The district MAP working group is developing a report to be issued in 2012 recommending best practices to improve procedures for handling and tracking criminal fines and restitution. The group is working with the DOJ, as well as Judiciary entities, on ways to automate the delivery of victim loss information to the courts to reduce data entry errors, capitalize on technology, and integrate the processing of these orders and payments across case management and financial systems.
Internal Control Enhancements and Policy Revisions
The AO recently updated its internal control policies. Internal control measures provide reasonable assurance that Judiciary assets are protected from error, fraud, waste, loss, or abuse; operations are efficient and effective; financial reports are accurate and reliable; and business practices comply with applicable statutes and policies.
Following an extensive review process of the AO's existing internal control program, many previous requirements have been eliminated or modified to reduce administrative burdens while still ensuring adequate control over assets. A working group of court and AO staff reviewed existing procedures and provided advice on the content and structure of the policies. Extensive input was received on an exposure draft of the policies. Court staff were consulted throughout the revision process to ensure the practicality of specific requirements.
Nationwide Implementation of the ICE System
The AO is continuing national implementation of the Internal Control Evaluation system, a tool that has proven to be very useful to court managers. The ICE system validates compliance with certain internal control requirements and Judiciary procurement policies. It was implemented in 57 individual court units in 14 district courts during fiscal year 2011. In total, 268 individual court units in 61 district courts and four appellate courts are using ICE.
Electronic Public Access Program
The Electronic Public Access program provides online public access to court information in accordance with federal statutes, and with Judiciary policies, and user needs. The Internet-based PACER (Public Access to Court Electronic Records) service provides courts, litigants, and the public with access to dockets, case reports, and over 500 million documents filed in federal courts through the Case Management and Electronic Case Files (CM/ECF) system. During fiscal year 2011, the Judiciary's PACER Service Center established 160,000 new PACER accounts and responded to more than 205,000 telephone and email requests. Approximately one third of the 1.3 million PACER accounts were active during the past year.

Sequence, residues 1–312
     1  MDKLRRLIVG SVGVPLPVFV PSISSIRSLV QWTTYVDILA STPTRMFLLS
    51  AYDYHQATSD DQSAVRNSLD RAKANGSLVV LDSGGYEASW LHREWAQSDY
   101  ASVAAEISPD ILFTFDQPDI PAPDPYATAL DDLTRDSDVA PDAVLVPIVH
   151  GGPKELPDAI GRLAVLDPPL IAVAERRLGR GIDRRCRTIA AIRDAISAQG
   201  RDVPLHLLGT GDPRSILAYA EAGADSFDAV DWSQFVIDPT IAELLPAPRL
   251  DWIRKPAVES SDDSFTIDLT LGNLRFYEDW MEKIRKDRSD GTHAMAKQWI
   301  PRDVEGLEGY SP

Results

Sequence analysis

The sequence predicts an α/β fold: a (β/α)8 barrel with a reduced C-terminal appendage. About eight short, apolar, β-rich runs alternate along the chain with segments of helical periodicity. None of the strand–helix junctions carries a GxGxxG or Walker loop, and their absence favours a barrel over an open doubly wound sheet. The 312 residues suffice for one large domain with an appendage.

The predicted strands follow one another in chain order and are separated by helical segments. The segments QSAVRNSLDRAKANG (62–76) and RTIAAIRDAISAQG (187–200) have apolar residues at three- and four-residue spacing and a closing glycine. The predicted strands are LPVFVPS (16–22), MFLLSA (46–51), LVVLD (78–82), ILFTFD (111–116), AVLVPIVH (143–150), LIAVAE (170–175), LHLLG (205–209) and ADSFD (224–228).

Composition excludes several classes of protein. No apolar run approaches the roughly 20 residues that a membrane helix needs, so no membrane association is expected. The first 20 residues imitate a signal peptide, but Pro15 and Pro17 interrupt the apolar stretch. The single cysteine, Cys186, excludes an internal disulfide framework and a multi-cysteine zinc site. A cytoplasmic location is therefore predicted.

As mandated by Congress, the Electronic Public Access program is funded entirely through user fees set by the Judicial Conference. The fee revenue is used exclusively to fund program expenses and enhancements that increase public access to the courts, including court websites and courtroom technology. In September 2011, the Judicial Conference authorized an increase in the Judiciary's electronic public access fee from $.08 to $.10 per page, which will take effect on April 1, 2012. The change is needed to continue to support and improve PACER services, and to develop and implement the next generation of the CM/ECF system. The fee has not been increased since 2005.
The Conference was mindful of the impact such an increase could have on other public entities and on public users accessing the system to obtain information on a particular case. For this reason, local, state, and federal government agencies will be exempt from the increase for three years. Moreover, PACER users who do not accrue charges of more than $15 in a quarterly billing cycle will not be charged a fee. (The current exemption is $10 per quarter.) The expanded exemption means that 75 to 80 percent of all users will still pay no fees. Fee information is published in the Electronic Public Access Fee Schedule available on uscourts.gov.
During fiscal year 2011, the Judiciary improved the PACER service in the following key areas.
Mobile Access to Case Information
The Judiciary launched a new mobile version of the PACER Case Locator. The PACER Case Locator allows searches for court records in all district, bankruptcy, and appellate courts. The Mobile PACER Case Locator is accessible using Apple devices, such as iPads, as well as Android devices Version 2.2 or higher.